Days before this themed night I spoke with a close friend about it and asked her what she thought about my posting the pictures on Instagram. Immediately she told me that it would be a bad idea because it would be a conflict of interest with my professional life. She suggested that the photo might fall into the wrong hands and I may be judged harshly for it. A few days after it was all said and done, I told another close friend that I wanted to post one of the pictures on Facebook to which he said, “I don’t think that would be a good idea.” He suggested that someone from work might see it and I might get in trouble. To the latter friend I responded that I wish I would get in trouble for posting a picture of myself in a revealing outfit when they know who I am as a person. I am confounded that this would even be an issue and that, once again, what a woman does with her body–independent of harming anyone else–would subject her to judgement.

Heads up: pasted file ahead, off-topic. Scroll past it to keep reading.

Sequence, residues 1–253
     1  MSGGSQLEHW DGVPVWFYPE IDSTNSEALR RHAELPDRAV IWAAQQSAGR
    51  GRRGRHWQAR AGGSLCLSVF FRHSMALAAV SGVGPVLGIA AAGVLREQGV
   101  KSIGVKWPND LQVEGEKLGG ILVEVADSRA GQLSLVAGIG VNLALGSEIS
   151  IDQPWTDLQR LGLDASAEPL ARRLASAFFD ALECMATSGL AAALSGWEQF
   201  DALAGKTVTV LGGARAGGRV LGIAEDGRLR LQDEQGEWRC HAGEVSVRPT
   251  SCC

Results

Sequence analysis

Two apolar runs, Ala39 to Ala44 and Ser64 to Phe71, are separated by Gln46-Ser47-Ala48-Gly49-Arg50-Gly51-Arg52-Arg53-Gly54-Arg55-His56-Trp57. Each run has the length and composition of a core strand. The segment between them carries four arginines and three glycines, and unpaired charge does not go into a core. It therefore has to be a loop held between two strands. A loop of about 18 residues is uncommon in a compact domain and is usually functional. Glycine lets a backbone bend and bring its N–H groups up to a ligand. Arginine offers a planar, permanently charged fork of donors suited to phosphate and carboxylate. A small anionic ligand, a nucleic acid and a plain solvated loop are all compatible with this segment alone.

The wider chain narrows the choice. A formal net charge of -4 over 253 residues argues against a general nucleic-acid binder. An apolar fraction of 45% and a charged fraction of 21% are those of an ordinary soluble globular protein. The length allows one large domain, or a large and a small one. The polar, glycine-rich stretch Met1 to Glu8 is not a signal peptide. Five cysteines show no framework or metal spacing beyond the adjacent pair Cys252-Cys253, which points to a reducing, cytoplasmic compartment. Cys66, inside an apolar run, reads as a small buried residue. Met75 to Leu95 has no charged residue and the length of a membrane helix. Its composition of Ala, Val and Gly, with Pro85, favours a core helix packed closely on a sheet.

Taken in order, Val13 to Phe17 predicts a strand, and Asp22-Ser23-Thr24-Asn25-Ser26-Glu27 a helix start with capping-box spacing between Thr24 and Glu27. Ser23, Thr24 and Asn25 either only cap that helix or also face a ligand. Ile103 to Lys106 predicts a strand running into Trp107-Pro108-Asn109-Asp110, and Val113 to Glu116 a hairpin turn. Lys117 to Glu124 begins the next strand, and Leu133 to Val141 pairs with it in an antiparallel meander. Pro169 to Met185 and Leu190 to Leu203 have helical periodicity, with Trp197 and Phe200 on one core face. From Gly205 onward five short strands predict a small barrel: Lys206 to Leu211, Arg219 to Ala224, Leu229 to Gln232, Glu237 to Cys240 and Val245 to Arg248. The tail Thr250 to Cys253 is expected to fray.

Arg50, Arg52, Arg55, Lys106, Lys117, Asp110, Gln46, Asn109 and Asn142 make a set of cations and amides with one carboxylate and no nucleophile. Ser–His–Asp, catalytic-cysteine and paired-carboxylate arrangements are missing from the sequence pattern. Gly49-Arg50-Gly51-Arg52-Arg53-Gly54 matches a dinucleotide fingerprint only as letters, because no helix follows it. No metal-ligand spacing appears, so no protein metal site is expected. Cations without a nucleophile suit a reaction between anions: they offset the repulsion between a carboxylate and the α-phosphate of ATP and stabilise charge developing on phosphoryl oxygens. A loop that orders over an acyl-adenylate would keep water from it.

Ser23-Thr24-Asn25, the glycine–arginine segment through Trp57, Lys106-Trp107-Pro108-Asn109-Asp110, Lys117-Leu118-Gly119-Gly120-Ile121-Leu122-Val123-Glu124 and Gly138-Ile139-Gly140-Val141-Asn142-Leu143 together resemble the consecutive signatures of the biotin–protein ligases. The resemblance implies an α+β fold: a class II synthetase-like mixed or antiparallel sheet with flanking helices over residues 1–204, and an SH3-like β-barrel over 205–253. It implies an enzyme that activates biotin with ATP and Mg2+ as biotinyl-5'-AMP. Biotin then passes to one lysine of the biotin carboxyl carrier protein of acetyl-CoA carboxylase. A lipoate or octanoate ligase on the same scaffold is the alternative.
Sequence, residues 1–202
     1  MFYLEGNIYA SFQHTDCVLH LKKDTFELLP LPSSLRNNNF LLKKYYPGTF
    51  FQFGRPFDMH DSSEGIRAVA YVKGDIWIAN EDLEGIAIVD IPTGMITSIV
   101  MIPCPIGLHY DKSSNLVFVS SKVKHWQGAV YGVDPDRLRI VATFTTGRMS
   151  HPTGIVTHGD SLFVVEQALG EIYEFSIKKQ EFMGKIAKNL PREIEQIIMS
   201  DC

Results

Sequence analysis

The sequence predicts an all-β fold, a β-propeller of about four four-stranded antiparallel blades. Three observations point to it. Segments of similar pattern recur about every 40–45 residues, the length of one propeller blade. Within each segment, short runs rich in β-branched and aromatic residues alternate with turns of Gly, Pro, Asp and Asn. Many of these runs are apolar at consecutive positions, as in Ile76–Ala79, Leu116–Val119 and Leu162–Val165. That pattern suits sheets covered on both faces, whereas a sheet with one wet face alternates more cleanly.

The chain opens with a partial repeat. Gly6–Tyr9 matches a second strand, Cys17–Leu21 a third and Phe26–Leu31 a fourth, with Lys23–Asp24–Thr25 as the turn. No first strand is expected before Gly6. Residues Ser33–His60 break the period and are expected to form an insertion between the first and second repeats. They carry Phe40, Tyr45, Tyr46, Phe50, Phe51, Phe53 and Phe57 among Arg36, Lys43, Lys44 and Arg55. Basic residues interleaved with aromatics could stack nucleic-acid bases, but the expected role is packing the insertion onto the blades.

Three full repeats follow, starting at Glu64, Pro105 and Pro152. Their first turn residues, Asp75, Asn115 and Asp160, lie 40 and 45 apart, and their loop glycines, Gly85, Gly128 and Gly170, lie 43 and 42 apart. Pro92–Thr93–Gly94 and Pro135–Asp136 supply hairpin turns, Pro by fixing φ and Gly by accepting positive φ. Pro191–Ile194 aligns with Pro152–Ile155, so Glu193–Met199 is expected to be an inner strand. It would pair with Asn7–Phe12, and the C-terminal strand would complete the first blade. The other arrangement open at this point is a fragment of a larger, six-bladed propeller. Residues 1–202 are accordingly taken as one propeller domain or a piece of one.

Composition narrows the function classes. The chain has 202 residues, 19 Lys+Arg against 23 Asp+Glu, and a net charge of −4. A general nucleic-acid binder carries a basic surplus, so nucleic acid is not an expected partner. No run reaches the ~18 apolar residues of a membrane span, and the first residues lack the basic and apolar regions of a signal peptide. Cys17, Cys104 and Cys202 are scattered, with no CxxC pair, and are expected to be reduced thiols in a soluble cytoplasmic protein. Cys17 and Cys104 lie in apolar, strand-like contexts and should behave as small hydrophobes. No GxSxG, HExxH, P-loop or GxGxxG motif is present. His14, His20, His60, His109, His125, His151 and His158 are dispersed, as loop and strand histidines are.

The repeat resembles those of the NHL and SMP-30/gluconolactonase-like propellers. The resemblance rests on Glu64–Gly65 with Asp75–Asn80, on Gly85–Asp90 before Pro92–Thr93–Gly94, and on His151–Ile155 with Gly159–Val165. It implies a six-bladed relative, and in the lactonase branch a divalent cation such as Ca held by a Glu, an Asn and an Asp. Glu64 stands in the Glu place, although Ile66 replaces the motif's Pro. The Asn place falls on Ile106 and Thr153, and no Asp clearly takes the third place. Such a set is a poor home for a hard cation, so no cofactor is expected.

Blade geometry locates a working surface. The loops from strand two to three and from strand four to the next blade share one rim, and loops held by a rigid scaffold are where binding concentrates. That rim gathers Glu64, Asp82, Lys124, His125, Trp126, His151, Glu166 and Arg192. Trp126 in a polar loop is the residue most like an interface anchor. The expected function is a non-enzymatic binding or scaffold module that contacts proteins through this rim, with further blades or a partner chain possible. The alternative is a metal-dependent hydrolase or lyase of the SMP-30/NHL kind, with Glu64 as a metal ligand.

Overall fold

We all know that the advent of social media makes it more possible to get in trouble for the things we do in our private time. We also know that photos of women in revealing clothing subjects them to harsher judgement than their male peers regardless of what is known about them personally. And of course, over the last few weeks, we have come to know that at this time people’s computers can be hacked and nude photos released for public consumption without permission. So the reality is, women are damned if they don’t and damned if they do. Our reputation can be put on the line for having scantily clad fun–or for being fully dressed because that’s what fashion critics do–or it can be put on the line during the involuntary release of photos of ourselves. We have no control over whose hands photos fall into and what people will think about those photos when they receive them. Right now it is my prerogative to release a photograph of myself in revealing clothing worn for fun. Conversely, it is another woman’s prerogative to release pictures of herself in revealing clothes that she wears because that is what she likes wearing. Neither of us deserve what could be coming to us in the way of condemnation, judgement, termination from jobs, lascivious attention, rape etc. I had to throw in the latter because before the themed night someone also suggested that we will get unwelcome attention from men and it may be dangerous for us to dress like this. I am personally tired of policing myself based on men’s lack of impulse control–thank you Daily Show’s Jessica Williams for that word. It is rarely other women we have to deal with but men who think they are entitled to certain behavioral outcomes because of the way a woman dresses or men who determine what is respectable and what isn’t. And this leads me to my concluding point, the politics of respectability.